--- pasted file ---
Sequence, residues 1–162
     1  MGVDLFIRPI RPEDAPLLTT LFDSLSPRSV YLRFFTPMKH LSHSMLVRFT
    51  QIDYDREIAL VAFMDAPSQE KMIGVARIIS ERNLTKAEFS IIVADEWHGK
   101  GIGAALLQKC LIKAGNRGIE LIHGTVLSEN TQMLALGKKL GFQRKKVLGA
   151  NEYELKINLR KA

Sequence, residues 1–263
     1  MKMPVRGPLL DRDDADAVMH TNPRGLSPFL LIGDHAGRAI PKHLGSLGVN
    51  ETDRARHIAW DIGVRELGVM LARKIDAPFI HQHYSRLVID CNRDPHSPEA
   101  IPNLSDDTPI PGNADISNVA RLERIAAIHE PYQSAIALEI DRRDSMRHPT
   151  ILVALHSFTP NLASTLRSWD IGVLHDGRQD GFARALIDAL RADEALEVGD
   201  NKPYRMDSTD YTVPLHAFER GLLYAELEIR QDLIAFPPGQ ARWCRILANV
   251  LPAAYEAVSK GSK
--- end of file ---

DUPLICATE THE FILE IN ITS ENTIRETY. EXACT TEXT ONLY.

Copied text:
Sequence, residues 1–162
     1  MGVDLFIRPI RPEDAPLLTT LFDSLSPRSV YLRFFTPMKH LSHSMLVRFT
    51  QIDYDREIAL VAFMDAPSQE KMIGVARIIS ERNLTKAEFS IIVADEWHGK
   101  GIGAALLQKC LIKAGNRGIE LIHGTVLSEN TQMLALGKKL GFQRKKVLGA
   151  NEYELKINLR KA

Sequence, residues 1–263
     1  MKMPVRGPLL DRDDADAVMH TNPRGLSPFL LIGDHAGRAI PKHLGSLGVN
    51  ETDRARHIAW DIGVRELGVM LARKIDAPFI HQHYSRLVID CNRDPHSPEA
   101  IPNLSDDTPI PGNADISNVA RLERIAAIHE PYQSAIALEI DRRDSMRHPT
   151  ILVALHSFTP NLASTLRSWD IGVLHDGRQD GFARALIDAL RADEALEVGD
   201  NKPYRMDSTD YTVPLHAFER GLLYAELEIR QDLIAFPPGQ ARWCRILANV
   251  LPAAYEAVSK GSK